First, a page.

Iraq is increasingly becoming a theater of conflict between the United States and Iran with deadly airstrikes on pro-Iranian militias just the latest example.
While the Iraqi government has condemned the airstrikes, a change of course is unlikely since the presence of the two sides is crucial to their respective foreign policy goals, analysts say.
U The U.S. Air Force carried out attacks last week on the facilities of pro-Iranian militias in the Syrian-Iraqi border region. Since then, militias have launched drone attacks on U.S. targets throughout Iraq.
Stephen Zunes, a professor of politics at the University of San Francisco, told Al Jazeera that the confrontation in Iraq between American and Iranian allied forces has intensified after the former Donald Trump administration lifted the nuclear deal. Iranian, formally known as and JCPOA.
“There has been a low-level conflict between the United States and Iran since the 1980s, but it has accelerated since the United States lifted sanctions on Iran in 2018 despite Iran’s respect for the Common Comprehensive Addition Plan, ”Zunes said.
Zunes said Iran could now hope to demand a price from the United States with a rise in attacks on Washington’s decision to effectively destroy the seven-nation agreement, while also inflicting severe economic damage on it. the country.
The targets hit by U.S. air raids had been used by a number of armed groups, including Kataib Hezbollah, the first militia in Iraq, operating under the direct command of Iran.
Kataib Hezbollah and other militias are calling for the deployment of remaining U.S. forces supporting the Iraqi army in the fight against the ISIL armed group (ISIS).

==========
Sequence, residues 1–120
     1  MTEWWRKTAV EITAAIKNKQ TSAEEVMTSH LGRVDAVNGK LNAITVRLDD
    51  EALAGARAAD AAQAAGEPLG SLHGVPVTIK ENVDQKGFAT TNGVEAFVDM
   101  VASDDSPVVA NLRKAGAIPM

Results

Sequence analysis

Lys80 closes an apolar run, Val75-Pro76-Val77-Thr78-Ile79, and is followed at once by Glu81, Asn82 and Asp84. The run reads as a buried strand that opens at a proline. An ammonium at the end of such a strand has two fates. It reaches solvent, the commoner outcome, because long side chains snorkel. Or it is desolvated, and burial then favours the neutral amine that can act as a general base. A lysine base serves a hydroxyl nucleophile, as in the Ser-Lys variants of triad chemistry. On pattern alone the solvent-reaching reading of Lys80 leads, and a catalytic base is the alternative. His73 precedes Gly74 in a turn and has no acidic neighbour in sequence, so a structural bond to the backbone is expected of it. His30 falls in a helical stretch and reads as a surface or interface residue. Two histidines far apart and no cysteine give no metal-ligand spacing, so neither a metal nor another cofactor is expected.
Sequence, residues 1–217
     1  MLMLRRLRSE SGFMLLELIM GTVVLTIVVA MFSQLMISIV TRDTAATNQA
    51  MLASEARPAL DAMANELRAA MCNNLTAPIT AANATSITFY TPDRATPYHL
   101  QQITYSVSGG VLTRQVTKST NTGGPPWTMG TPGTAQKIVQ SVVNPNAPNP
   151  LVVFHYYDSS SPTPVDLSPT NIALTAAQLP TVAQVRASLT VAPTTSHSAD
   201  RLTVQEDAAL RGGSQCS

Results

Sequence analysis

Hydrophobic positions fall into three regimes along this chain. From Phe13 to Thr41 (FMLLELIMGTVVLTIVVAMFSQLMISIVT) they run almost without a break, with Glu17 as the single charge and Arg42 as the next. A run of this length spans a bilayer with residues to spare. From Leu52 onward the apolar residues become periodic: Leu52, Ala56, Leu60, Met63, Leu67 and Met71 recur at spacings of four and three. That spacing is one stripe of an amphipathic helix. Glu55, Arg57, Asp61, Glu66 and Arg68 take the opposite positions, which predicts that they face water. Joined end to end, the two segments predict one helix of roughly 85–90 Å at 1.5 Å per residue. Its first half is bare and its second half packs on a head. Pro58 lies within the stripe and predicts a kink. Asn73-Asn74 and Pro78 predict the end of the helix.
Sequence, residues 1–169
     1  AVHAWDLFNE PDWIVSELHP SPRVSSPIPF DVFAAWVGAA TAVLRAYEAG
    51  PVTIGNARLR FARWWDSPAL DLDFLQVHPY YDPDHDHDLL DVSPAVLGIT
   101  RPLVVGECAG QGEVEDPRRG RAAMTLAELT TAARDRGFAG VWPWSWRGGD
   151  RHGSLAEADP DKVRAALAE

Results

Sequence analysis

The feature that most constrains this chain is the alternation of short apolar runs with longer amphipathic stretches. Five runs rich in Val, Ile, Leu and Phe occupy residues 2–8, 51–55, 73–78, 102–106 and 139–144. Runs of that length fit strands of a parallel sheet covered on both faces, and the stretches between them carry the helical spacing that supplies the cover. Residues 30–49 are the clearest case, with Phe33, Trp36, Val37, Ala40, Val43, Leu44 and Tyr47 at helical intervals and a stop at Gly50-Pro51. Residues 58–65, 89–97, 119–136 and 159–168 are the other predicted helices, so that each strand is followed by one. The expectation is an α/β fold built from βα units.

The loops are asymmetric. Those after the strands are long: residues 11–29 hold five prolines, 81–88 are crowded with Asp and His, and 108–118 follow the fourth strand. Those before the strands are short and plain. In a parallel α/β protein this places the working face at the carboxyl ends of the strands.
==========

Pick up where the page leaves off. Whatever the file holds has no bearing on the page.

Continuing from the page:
At least four Iraqi militants have been killed along the border with Syria, while no American troops have been injured. But the incident shows that the situation has become fragile and how the remaining 2,500 U.S. military personnel are increasingly at risk of attacks in the region.
Of course, the most effective means of ensuring the safety of U.S. service members will be to bring them home in the United States, Zunes argued.
“The Iraqi parliament voted last year for U.S. forces to leave the country, however [US President Joe] Biden refused to honor his request, “Zunes said.
With ISIL largely defeated, there are serious questions as to why the United States needs to keep 2,500 troops in Iraq, especially since its presence could provoke a major military confrontation with Iran, Zunes added.
However, Washington is in a precarious situation, as it appears to be the last line of defense against Iranian hegemony in the Middle East.
Already Tehran exerts a significant influence in Syria, Iraq, Lebanon and Yemen, mainly made possible by the politics of Iran’s alliance, beginning as early as 1982, when Lebanon’s Hezbollah was established with the active help of the Revolutionary Guard.
By now, this alliance includes The regime of Syrian President Bashar al-Assad and armed groups such as Hamas and Islamic Jihad. In addition, militias from Pakistan and Afghanistan have been linked to the Quds Force of Iran (QF).
For the United States, Iran’s military power and asymmetric warfare amount to a geopolitical enigma. The protection of American troops has become a funicular act, and Biden has to maneuver with caution.
“Biden has shown himself ready to use force against militias backed by Iran, but he also acknowledges that threatening Iran or provoking war will play into the hands of the harsh Iranians,” Zunes said.
In the midst of the conflict is Iraq.
“The ongoing clashes are therefore also a reflection of how Iran and the United States are competing to assert their influence on the future direction of Iraq,” Zunes added.